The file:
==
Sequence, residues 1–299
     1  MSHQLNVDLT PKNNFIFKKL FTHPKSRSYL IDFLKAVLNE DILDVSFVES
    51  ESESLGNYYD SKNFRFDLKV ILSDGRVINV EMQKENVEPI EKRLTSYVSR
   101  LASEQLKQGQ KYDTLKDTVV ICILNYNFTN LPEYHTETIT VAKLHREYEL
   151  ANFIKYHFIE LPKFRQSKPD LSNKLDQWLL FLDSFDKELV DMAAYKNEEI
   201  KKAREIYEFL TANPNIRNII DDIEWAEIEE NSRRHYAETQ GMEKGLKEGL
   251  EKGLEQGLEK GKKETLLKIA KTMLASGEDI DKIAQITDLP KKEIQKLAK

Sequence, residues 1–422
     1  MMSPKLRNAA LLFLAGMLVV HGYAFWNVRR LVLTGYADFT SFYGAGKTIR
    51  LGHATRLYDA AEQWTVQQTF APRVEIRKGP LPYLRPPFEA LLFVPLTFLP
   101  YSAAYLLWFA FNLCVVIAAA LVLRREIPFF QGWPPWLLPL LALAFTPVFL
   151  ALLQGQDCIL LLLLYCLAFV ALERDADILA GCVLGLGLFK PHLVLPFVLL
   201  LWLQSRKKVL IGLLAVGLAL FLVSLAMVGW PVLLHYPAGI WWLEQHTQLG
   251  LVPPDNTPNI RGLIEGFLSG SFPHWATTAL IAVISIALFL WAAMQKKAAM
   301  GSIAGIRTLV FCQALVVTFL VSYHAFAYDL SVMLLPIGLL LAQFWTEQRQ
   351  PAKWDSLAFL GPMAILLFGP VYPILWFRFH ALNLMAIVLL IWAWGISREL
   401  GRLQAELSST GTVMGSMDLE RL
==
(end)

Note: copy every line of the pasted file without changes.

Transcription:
Sequence, residues 1–299
     1  MSHQLNVDLT PKNNFIFKKL FTHPKSRSYL IDFLKAVLNE DILDVSFVES
    51  ESESLGNYYD SKNFRFDLKV ILSDGRVINV EMQKENVEPI EKRLTSYVSR
   101  LASEQLKQGQ KYDTLKDTVV ICILNYNFTN LPEYHTETIT VAKLHREYEL
   151  ANFIKYHFIE LPKFRQSKPD LSNKLDQWLL FLDSFDKELV DMAAYKNEEI
   201  KKAREIYEFL TANPNIRNII DDIEWAEIEE NSRRHYAETQ GMEKGLKEGL
   251  EKGLEQGLEK GKKETLLKIA KTMLASGEDI DKIAQITDLP KKEIQKLAK

Sequence, residues 1–422
     1  MMSPKLRNAA LLFLAGMLVV HGYAFWNVRR LVLTGYADFT SFYGAGKTIR
    51  LGHATRLYDA AEQWTVQQTF APRVEIRKGP LPYLRPPFEA LLFVPLTFLP
   101  YSAAYLLWFA FNLCVVIAAA LVLRREIPFF QGWPPWLLPL LALAFTPVFL
   151  ALLQGQDCIL LLLLYCLAFV ALERDADILA GCVLGLGLFK PHLVLPFVLL
   201  LWLQSRKKVL IGLLAVGLAL FLVSLAMVGW PVLLHYPAGI WWLEQHTQLG
   251  LVPPDNTPNI RGLIEGFLSG SFPHWATTAL IAVISIALFL WAAMQKKAAM
   301  GSIAGIRTLV FCQALVVTFL VSYHAFAYDL SVMLLPIGLL LAQFWTEQRQ
   351  PAKWDSLAFL GPMAILLFGP VYPILWFRFH ALNLMAIVLL IWAWGISREL
   401  GRLQAELSST GTVMGSMDLE RL